It's been a busy and rather harrowing week in the media world.
Paramount Global (PARA) stock sank nearly 30% on Thursday after the company reported disappointing earnings and cut its dividend to $0.05 a share from $0.24. Warner Bros. Discovery (WBD) also reported an earnings miss on weak ad revenue, despite a surprise profit within its streaming division.
The results came after Hollywood writers began a strike on Tuesday in protest of higher wages and other demands amid the streaming boom. The walkout, which triggered a production shutdown, adds further risks in an already difficult environment. Moody's warned in a research note that if the strike goes on more than three months, some companies could see their credit ratings suffer.
Ad environment 'continues to be challenging'
Advertising has been a notable pain point this earnings season for legacy media giants that own television networks as businesses pull back on spending.
Paramount reported a 7% decline in ad revenue in the first quarter from the year-earlier period. Advertising within the company's TV media unit fell 11%.
Meanwhile, Warner Bros. Discovery's network advertising revenue tumbled by double digits, falling 15% in the first quarter from the year-earlier period, or 14% excluding foreign exchange.
"There's no doubt the environment continues to be challenging. We're working against pretty significant reductions in ad sales," Warner Bros. Discovery CEO David Zaslav said on Friday's earnings call.
Still, Zaslav signaled better days ahead.
"While our results for Q1 continue to reflect the current soft ad market, we are optimistic for a gradual improvement and an eventual upturn in the second half of the year," he told investors on the call. The company is aggressively pursuing advertisers for its Max streaming product and expects growth from CNN with the presidential cycle kicking off soon.
Paramount CEO Bob Bakish echoed a similar sentiment.
"We are seeing signs of stabilization in the ad market," Bakish said following its results on Thursday. "We like what we are seeing in many categories, and we like what we're seeing in the direct side of digital."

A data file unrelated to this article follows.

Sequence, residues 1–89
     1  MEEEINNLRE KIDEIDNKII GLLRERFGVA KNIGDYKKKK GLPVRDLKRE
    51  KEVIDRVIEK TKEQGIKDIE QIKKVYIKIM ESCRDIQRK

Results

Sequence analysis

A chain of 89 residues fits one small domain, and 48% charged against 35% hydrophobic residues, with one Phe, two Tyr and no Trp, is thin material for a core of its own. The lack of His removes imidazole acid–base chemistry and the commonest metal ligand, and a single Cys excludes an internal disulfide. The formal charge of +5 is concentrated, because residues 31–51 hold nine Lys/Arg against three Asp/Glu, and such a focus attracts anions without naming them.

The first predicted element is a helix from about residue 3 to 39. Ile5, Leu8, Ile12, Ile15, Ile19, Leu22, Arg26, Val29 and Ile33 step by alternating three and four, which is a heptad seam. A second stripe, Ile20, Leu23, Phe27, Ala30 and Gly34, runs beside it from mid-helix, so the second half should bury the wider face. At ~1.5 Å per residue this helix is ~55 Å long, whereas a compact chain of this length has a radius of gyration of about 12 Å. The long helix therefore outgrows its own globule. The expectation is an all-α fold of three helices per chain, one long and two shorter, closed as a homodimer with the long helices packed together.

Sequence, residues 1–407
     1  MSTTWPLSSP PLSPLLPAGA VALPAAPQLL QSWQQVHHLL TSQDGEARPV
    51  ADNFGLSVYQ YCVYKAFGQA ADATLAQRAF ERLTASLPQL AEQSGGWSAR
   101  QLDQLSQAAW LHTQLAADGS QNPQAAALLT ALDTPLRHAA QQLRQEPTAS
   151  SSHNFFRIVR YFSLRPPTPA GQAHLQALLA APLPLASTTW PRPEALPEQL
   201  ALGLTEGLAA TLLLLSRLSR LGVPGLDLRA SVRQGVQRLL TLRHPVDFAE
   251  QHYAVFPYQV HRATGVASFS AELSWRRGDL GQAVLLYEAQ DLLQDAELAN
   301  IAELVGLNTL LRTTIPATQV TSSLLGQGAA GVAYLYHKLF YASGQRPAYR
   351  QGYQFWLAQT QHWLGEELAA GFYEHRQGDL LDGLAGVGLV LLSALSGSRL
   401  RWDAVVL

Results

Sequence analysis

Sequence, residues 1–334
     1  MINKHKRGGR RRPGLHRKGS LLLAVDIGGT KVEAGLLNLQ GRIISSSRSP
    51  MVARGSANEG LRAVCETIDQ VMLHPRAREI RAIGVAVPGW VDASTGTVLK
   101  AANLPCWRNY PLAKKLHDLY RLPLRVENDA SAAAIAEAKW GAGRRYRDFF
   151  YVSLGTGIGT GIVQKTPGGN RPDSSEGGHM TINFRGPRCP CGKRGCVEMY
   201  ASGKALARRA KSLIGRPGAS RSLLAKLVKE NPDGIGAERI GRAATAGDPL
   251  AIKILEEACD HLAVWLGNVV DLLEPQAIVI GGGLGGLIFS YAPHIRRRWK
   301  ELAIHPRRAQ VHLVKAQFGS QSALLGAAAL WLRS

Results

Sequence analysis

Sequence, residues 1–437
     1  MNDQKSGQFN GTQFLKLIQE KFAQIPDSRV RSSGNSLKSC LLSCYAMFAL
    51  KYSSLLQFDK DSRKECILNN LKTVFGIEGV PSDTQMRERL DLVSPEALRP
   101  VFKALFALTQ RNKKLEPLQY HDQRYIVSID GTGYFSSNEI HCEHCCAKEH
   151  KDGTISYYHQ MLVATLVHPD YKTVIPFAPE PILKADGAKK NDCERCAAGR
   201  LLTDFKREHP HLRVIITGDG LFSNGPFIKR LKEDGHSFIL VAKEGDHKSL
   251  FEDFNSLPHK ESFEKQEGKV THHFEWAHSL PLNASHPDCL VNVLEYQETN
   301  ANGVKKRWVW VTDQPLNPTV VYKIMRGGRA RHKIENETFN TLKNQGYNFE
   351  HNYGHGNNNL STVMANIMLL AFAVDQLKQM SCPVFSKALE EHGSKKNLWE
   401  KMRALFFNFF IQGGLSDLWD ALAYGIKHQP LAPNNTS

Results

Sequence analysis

He added, "As the market continues to turn, ad growth will improve."
There was one bright spot in media earnings so far: In a surprise beat bucking competitors' results, Warner Bros. Discovery saw streaming losses reverse in the first quarter as subscriber growth came in above consensus estimates.
The company revised previous guidance, saying it now expects its U.S. direct-to-consumer business to be profitable by this year. Previously, the company said the streaming division will break even by next year before hitting profitability in two years.
The high stakes of Hollywood's writer's strike
Against the backdrop of earnings, the ongoing writer's strike will likely be a further headwind for studios.
Paramount's Bakish admitted the longer the strike continues, the bigger the impact it will have on the company's financials.
"In terms of financial impact, it really ultimately depends on duration of strike," he said on the earnings call. "But at this point, we think it's probably slightly dilutive to revenue, flat on [operating income before appreciation and amortization] and accretive [to cash spend.]"
A new report from Moody's estimated strike negotiations will likely result in higher costs for studios, especially for more diversified companies transitioning to streaming.
"We estimate an improved three-year contract for writers will ultimately cost media companies for which we have credit ratings $250 million to $350 million per year," Moody's Senior Vice President Neil Begley wrote in the report.
"We believe this standstill could last three months or more, with the stakes being larger," Begley added. "If it lasts longer, weakly positioned media companies with limited financial flexibility could see their credit suffer."
Zaslav added Warner Bros. Discovery wants the strike to end as fairly and quickly as possible.
"In order to create great storytelling, we need great writers. We need the whole industry to work together," he said in an interview with CNBC on Friday. "Everybody deserves to be paid fairly so our number one focus is let's try to get this resolved and let's do it in a way that the writers feel like they're valued."
Still, the executive admitted the industry is in the middle of "very significant disruption" as concerns mount over streaming profitability. Those hurdles could stall negotiations.
"People are changing the way they consume content so it's very difficult to figure out how does that work, what's the right value for it ... it's fair that we're trying to figure it out," he explained.
The Writers Guild of America (WGA), which represents thousands of television and movie writers, had been negotiating with the Alliance of Motion Picture and Television Producers (AMPTP), which bargains on behalf of studios including Netflix, Amazon, Apple, Disney, Warner Bros. Discovery NBCUniversal, Paramount, and Sony.
The 6-week talks centered on pay concerns brought on by the streaming boom. Streaming shows often have fewer episodes and less residual income compared to traditional network television, which often means less money in the pockets of writers.